Uganda To Increase Domestic Borrowing

prostate sans-serif;”>As a preparedness measure, more about the Finance Minister, treatment Maria Kiwanuka will increase the domestic borrowing by 0.7 per cent of the GDP after 5 crucial donors withdrew their budgetary support for the country that saw the embezzlement of close to $13million meant for reconstruction.

The donors are said to have withheld their $282million in budget support and what does that mean for Uganda? It will be noted that EAC member states deviated to domestic borrowing in the ongoing financial year which began in July 2012 and its ending in June 2013.

The Financial Year 2012/13 was meant so because of the ongoing Euro zone crisis that according to Mario Draghi, President of the European Central Bank, the Euro economy is showing signs of stabilizing and may be in the period of contagion.

According to Uganda’s Finance minister Maria Kiwanuka projection, the GDP growth slowing to 3.2 percent, the withdraw of British budgetary support, things may be hotter for the Pearl of Africa. According to statistics the GDP dropped from 6.7 per cent to 3.4 per cent in the current financial year and therefore despite the benefits of domestic borrowing the government should devise other mechanisms to suppress the challenges.


In the current fiscal budget Kiwanuka had projected that donor funds rates to Uganda will reduce from 2.7% of GDP in 2011/12 to 1.8% of GDP in 2012/13 a move that is seen to affect the Ugandan economy especially in the infrastructural development of the pearl of Africa. Now the fate of the 1.3 per cent donor input is unknown and Uganda may have to withdraw some of the massive infrastructural developments in the current fiscal year to contain the gap.

Combined with the highest inflation rate ever in the history of Uganda of 30% and the shilling trading poorly against the dollar, the finance ministry has an uphill task that it may not contain.

The country faces the challenge of having the prices of basic commodities to an imaginable rates and the norm of the currency being regarded as paper may not be avoided. It’s the high time for the NRM administration not only revisit its administration but also bring to book those involved in the embezzlement of the $13Million meant for the reconstruction placed under Amama Mbabazi’s office.

Uganda government has had high expectations of economy to expand by 4.3 per cent in the ongoing fiscal year though it had projected it to be at 7 per cent.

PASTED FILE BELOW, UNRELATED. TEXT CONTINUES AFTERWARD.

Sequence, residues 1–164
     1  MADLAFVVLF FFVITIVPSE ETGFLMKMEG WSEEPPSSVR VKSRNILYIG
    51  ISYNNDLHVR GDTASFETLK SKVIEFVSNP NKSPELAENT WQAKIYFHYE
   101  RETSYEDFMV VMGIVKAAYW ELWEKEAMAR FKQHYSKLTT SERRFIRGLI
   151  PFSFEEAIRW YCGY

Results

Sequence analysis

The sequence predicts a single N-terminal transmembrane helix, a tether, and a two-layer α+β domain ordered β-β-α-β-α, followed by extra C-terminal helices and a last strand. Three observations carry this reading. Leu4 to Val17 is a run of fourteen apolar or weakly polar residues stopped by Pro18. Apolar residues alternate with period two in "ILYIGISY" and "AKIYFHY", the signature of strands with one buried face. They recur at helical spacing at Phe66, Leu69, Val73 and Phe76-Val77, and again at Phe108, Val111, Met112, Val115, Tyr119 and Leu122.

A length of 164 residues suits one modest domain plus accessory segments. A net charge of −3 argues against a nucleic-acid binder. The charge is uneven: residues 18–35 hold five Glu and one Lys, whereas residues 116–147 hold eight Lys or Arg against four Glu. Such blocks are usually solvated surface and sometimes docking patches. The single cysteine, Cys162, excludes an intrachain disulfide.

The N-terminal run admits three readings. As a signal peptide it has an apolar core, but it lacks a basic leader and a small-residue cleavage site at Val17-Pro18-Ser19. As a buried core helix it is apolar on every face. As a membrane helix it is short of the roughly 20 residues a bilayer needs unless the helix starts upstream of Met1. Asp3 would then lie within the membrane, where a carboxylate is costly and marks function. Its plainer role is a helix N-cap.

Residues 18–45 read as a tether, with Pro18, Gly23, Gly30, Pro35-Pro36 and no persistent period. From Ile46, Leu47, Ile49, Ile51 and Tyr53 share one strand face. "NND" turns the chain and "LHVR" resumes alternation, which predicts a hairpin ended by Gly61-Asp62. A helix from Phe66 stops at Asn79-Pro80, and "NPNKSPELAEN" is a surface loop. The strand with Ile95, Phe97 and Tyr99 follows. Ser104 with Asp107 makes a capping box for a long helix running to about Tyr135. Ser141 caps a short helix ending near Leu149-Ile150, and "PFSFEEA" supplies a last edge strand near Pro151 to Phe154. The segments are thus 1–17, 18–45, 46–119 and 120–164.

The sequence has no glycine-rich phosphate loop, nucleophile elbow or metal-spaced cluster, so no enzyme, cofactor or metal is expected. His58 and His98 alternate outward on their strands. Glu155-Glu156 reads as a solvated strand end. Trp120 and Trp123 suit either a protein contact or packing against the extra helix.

According to a letter sent to the International Monetary Fund (IMF) published by Ministry of Finance the treasury said that it would cut 0.8 per cent of the gross domestic product in expenditure a move that will affect the development.

“These actions will increase the fiscal burden to government due to higher interest rates which will translate into higher cost of borrowing to the private sector,” said the ministry.

The ministry added that the move would contribute to reduce the pace of economic recovery in the short term and this would be done through issuance of government securities.

Uganda had set forth the fiscal spending of the 2012/13 on infrastructure citing Construction on the Kampala-Entebbe Express Highway and Karuma Hydropower Project are expected to commence in 2012/13 with their budget allocations.

And with the ministry of Finance saying it will be cutting development expenditure by 0.8 per cent the country may be facing a challenge of containing the 33 million people where statistics place it at $17 billion.

With the FY2013/14 only 3 months away the government of Uganda should rethink of other preventive mechanisms and on my view it should adopt the Kenyan strategy of turning to the East and invest heavily on the infrastructural development with an aim of cutting the rate of unemployment which places Uganda among the countries with very low employment records.

Earlier this week Chimpreports reported unemployment has hit Kampala like a time bomb and its high time for the government to express need for the people not only embark on alternative entrepreneurial skills to increase the revenue collection and reduce external borrowing for the country which entirely depends on agriculture.

Going by the statistics by Uganda Bureau of Statistics (UNBS) only 2.9 million jobs were registered in the 2012/13 and compared to the total population of 33 million a lot need to be done and withdrawal of the donors may plug the country in the Zimbabwe way.

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